We thought we'd regale you with a few tales of life here in Kathmandu this week.
On Friday some good friends of ours had their third child. The husband, Ryan, runs the ICT department with Dan and his wife Chandra has been the Primary PA until a couple of weeks ago. Chandra had quite long labours with her first two children, born in the states, but this one was so quick that she delivered in the corridor while they waited for a bed to become available in the delivery room. This turned out to be quite a blessing as it meant Ryan could be there for the delivery as men aren't normally allowed into the delivery room. We went and visited them on Friday evening with Pizza (as the hospitals here don't provide food)and were able to have a hold, we're fairly sure it was the first time either of us had seen a baby less than a day old since our little sisters were born!
The last couple of weeks have seen several bunda's (strikes) by various groups which have a big effect on the day to day life of the average Nepali.
Last week we had a bunda in the whole of Patan (the part of Kathmandu we live in) which means no traffic was allowed on the roads. Often informal road blocks are put up by the people who have called the strike and vehicles caught on the roads are attacked. Anyway this is not unusual and happens reasonably regularly. So we carried on as normal and thought nothing of it, until we found out the reason for the strike. The government minister for forestry had locked a local official from Patan in a toilet for an hour and a half! His reasoning was because he thought the official was involved in corruption of some sort. So beware if you are ever tempted to get involved in some kind of corruption we now know what to do with you!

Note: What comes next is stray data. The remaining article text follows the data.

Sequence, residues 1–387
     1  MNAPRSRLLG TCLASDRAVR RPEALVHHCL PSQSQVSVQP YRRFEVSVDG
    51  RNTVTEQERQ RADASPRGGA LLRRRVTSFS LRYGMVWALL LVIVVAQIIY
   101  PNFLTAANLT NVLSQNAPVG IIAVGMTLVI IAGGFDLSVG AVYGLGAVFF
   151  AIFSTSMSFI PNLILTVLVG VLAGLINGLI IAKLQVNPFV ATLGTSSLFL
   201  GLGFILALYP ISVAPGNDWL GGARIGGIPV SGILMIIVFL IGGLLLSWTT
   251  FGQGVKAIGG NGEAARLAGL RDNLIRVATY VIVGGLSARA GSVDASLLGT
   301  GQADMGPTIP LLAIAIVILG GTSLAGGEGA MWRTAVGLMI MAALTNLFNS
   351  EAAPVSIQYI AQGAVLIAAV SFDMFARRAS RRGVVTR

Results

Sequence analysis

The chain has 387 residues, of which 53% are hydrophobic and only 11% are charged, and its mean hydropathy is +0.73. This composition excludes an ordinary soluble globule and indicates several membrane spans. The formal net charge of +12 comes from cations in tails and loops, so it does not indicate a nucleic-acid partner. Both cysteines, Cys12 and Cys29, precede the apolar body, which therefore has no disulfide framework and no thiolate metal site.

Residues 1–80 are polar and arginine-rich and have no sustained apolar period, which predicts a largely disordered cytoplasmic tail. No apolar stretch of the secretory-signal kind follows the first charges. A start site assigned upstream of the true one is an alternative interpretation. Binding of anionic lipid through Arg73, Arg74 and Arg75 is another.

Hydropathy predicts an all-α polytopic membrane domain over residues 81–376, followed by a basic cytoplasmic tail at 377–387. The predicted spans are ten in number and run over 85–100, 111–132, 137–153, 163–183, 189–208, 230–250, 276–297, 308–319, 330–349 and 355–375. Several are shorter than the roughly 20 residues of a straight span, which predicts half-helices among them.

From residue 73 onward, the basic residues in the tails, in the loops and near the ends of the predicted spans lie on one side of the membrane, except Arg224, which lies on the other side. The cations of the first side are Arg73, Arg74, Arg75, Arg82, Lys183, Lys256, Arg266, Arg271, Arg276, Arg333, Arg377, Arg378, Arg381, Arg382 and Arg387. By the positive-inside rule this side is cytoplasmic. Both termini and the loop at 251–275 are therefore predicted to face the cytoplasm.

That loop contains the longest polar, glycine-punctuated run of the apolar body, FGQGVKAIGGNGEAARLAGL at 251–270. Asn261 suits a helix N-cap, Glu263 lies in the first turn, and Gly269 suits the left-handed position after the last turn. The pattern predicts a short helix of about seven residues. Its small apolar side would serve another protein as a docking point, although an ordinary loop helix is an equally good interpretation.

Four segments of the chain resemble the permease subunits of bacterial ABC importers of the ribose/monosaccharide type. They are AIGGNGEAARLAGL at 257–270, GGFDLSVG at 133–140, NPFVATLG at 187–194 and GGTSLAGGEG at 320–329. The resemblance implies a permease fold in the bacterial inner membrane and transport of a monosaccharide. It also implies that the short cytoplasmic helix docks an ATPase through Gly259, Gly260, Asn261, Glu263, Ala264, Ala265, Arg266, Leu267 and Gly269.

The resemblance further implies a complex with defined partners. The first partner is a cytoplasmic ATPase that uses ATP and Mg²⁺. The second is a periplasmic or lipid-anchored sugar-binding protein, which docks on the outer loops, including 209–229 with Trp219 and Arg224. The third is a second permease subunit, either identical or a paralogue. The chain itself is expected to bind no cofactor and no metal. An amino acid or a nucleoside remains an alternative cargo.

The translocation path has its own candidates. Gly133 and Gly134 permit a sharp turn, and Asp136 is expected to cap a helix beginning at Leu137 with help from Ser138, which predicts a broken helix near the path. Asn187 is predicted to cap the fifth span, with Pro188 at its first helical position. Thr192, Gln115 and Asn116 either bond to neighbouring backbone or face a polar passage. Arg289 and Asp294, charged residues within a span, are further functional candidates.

Most of the recent Bunda's have been to do with the rise in fuel prices and we're currently in the middle of one that's been ongoing for the last 4 days. With tomorrow being the last day of school we have a big graduation ceremony at a Radisson Hotel on the opposite side of Kathmandu. We're praying that we will be able to all get there, along with all the stuff we need so that we can end the year on a high note.
The second thing that has happened is that we heard last Wednesday that a group of students at a university here in Nepal were protesting. The reason being... they had not been allowed to cheat in their final exams (as is normally the case). We were told that a few years ago there was a photo taken of the students in these exams hanging out the windows of the exam hall copying their answers out of a text book which someone outside was holding up for them. Apparently cheating in many exams is extremely common and widespread.
Finally, since I last wrote about the one laptop per child school I've had loads of people write about how interesting they found it. I have now found a page on wikipedia which the people running the project at Bashuki school are keeping updated. So if you want to read more about this individual school look at the following link.